Finally, a live-action manga adaptation we can all get excited over. Alita: Battle Angel has been in the works for a long time, once aimed to be James Cameron’s big 3D followup to Avatar. Then Cameron just couldn’t quit Avatar and passed the reins, eventually, to Robert Rodriguez. During that time we’ve seen Hollywood try and fail repeatedly to with manga flicks Ghost in the Shell, Dragonball Evolution, and others. But all of those years spent by Cameron developing groundbreaking visual technology was worth the wait, because Alita: Battle Angel is a dazzling spectacle of kick-butt robo-action with a story that’s surprisingly grounded and human.
Major props go to WETA Digital for creating one of the richest dystopian cyberpunk worlds we’ve ever seen. For once, it’s worth it to plunk down the extra cash for the whole 3D experience, which should come as no surprise with Cameron’s invaluable input. Alita: Battle Angel pops on the screen, and while there’s an ample amount of CGI and motion-capture the surroundings are grounded and tactile. It’s in the performances and characters where the hyper-surreal quality of manga comes into play.
The breakout star here is Rosa Salazar, probably best known for her role in the Maze Runner flicks. She plays the title character, a broken-up cyborg discovered in a scrap heap in the far-flung 26th-century. In this dystopian future the elites live in Zalem, a glorious sanctuary high above the downtrodden in the slums of Iron City. Alita’s savior is Dr. Dyson Ido (Christoph Waltz), who rebuilds her into a perfect little girl, christened after his own daughter. While Alita has a fully-functioning body of blood and steel, missing are memories of who she really is. However, within her core programming is the heart of a warrior and an ancient battle technique known only to an elite sect of androids.
There’s a lot Alita: Battle Angel has going on, and the script by Cameron and Laeta Kalogridis piles it up with only a minimum of explanation. This is a setup movie, clearly, with a lot left to answered in future chapters if the franchise extends that far. But what we do get is full of awesome potential, realized in all of its stunning glory by Rodriguez. Alita is, as expected, naïve about the world and so much of the story is about her finding her way in the dangerous streets. There’s the introduction of the sport Motorball, run by the mysterious Vector (Oscar winner Mahershala Ali) who has designs on capturing Alita, using an army of paid bounty-hunting cyborgs of various degrees in quality. The people of Iron City have mostly allowed themselves to be transformed with any available tech. Some are pretty slick, like Ed Skrein’s Mohawk-sporting hunter, while others are bulky and grotesque such as Jackie Earle Haley’s behemoth. We’re also introduced to Alita’s first love interest, a charming rogue named Hugo (Keean Johnson), who has secrets of his own that could prove deadly. And of course, there’s Alita’s hidden past which frequently comes colliding with the present. You could make an entire movie out of what we learn about Alita, and a jaw-dropping interplanetary war that we only get glimpses of in flashback. Yes, I need that movie, please!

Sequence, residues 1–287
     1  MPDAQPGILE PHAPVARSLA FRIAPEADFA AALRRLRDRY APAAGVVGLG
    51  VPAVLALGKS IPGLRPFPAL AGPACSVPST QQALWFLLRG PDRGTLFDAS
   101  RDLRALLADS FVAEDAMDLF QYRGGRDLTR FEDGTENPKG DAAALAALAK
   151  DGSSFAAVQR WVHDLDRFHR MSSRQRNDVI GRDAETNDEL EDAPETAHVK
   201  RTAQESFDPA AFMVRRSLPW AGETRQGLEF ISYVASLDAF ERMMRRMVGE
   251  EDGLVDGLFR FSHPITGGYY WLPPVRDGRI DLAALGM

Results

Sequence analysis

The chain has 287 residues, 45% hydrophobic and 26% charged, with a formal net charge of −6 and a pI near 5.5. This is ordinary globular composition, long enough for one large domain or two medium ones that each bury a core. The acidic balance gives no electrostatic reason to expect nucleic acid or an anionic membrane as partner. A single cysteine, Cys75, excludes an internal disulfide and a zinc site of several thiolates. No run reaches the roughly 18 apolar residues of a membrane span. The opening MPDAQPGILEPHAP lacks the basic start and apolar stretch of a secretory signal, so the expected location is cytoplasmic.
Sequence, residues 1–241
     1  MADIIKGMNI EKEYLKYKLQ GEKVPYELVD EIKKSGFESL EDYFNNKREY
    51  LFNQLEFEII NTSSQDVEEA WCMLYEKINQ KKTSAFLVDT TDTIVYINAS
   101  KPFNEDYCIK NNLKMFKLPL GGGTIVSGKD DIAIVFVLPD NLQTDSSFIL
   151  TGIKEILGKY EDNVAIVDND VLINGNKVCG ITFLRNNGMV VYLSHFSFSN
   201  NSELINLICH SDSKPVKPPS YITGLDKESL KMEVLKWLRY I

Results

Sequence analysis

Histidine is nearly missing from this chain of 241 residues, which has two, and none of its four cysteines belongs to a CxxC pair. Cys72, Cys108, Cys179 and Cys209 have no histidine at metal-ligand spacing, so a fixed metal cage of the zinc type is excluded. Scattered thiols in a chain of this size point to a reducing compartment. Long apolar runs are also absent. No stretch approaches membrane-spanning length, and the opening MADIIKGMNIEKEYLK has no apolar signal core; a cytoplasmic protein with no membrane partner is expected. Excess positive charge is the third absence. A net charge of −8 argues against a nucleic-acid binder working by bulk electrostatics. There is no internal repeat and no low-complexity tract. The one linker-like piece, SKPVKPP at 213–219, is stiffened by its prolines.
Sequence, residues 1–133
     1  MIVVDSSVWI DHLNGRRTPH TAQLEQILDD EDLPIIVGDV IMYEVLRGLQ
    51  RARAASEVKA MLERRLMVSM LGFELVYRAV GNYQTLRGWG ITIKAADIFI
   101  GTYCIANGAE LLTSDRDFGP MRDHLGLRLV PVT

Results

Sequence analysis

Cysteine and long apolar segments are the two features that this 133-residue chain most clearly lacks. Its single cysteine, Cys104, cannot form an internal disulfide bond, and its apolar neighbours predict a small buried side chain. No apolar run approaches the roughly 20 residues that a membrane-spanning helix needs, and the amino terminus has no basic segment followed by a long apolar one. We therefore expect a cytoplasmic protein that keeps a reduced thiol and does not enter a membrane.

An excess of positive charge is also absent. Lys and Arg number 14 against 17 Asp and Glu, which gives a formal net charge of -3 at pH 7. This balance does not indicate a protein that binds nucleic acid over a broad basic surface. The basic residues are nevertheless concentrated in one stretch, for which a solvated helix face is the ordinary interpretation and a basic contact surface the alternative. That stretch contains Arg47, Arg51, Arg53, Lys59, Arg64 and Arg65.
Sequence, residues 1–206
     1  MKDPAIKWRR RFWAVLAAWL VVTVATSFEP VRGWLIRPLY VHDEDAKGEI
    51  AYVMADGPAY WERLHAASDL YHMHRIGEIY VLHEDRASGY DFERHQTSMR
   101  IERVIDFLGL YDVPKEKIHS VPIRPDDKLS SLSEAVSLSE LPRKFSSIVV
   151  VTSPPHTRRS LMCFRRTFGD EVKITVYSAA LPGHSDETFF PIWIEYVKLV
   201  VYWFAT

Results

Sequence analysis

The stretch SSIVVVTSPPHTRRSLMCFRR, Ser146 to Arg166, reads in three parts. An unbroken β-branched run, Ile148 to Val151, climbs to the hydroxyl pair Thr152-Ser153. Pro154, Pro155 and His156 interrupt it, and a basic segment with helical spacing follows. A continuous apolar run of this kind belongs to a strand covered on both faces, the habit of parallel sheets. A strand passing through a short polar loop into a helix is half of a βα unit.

Because so much is being heaped on the viewer at once, the story turns out to be fairly generic. Rodriguez wrings a lot of energy out of it, though, with battles that are smooth and dynamic, unlike the CGI slop-fests we’ve seen far too often by other filmmakers. The battles are unrestrained and eye-popping, looking more like an episode of Dragonball Z than the live-action movie ever did. While the idea of Motorball feels like relic from the Rollerball days, the sequences are fast, exciting, and very violent. I would go so far to say they’re too violent for kids, no matter what the age rating on the film may be.
Technical aspects aside, Alita: Battle Angel would be nothing without Rosa Salazar, who makes us fall in love with Alita through her warmth, naivete, and fighting spirit. I love that they kept Alita’s manga-inspired giant eyes, because they suit her as her eyes are opened to the unfamiliar world around her. Don’t expect Oscar-level performances from Waltz, Ali, Haley, or Jennifer Connelly, though. All four look cool as shit, especially Ali and Waltz, the latter when he gets his fight on with a giant energy-hammer, but only Waltz’s Dr. Ido feels important to the larger story.
With the power of James Cameron behind it, I could see Alita: Battle Angel growing into a successful and long-running franchise. There’s so much story left to tell and so much about this universe that demands revisiting, and I can’t wait to see the next step in Alita’s evolution.